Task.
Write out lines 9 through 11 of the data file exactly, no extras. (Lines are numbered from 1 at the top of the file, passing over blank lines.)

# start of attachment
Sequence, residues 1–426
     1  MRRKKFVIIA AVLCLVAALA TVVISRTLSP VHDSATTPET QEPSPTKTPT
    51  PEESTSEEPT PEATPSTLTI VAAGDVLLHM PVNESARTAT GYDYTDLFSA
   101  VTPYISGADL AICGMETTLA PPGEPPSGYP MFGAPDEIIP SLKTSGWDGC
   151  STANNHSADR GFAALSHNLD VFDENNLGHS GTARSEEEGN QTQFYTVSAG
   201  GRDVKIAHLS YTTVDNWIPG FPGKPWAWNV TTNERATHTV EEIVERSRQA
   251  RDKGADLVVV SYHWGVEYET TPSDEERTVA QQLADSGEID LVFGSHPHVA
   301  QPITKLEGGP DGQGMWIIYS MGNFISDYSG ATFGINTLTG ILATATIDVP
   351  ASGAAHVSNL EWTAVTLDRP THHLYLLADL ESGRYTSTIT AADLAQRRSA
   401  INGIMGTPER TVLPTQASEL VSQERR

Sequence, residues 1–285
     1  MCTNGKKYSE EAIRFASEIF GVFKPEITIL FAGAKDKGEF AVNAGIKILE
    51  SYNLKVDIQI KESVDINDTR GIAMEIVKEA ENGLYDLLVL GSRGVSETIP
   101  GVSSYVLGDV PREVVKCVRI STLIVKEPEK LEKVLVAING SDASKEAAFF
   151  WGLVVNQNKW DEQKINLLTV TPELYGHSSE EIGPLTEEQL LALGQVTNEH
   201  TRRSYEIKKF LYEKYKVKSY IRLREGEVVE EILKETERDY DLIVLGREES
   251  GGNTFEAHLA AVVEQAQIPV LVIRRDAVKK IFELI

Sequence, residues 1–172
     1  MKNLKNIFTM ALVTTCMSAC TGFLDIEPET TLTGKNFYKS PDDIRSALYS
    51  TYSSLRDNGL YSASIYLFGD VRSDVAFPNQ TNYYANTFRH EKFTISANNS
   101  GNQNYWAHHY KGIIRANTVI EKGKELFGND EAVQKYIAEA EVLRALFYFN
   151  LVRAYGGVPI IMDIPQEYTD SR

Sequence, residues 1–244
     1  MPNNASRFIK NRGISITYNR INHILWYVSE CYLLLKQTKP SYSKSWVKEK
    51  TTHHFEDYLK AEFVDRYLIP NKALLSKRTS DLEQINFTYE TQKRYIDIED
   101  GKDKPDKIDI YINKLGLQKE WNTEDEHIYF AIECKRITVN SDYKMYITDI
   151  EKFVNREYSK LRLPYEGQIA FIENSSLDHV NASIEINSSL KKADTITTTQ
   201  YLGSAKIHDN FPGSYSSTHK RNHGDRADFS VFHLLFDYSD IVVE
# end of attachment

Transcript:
   351  ASGAAHVSNL EWTAVTLDRP THHLYLLADL ESGRYTSTIT AADLAQRRSA
   401  INGIMGTPER TVLPTQASEL VSQERR

Sequence, residues 1–285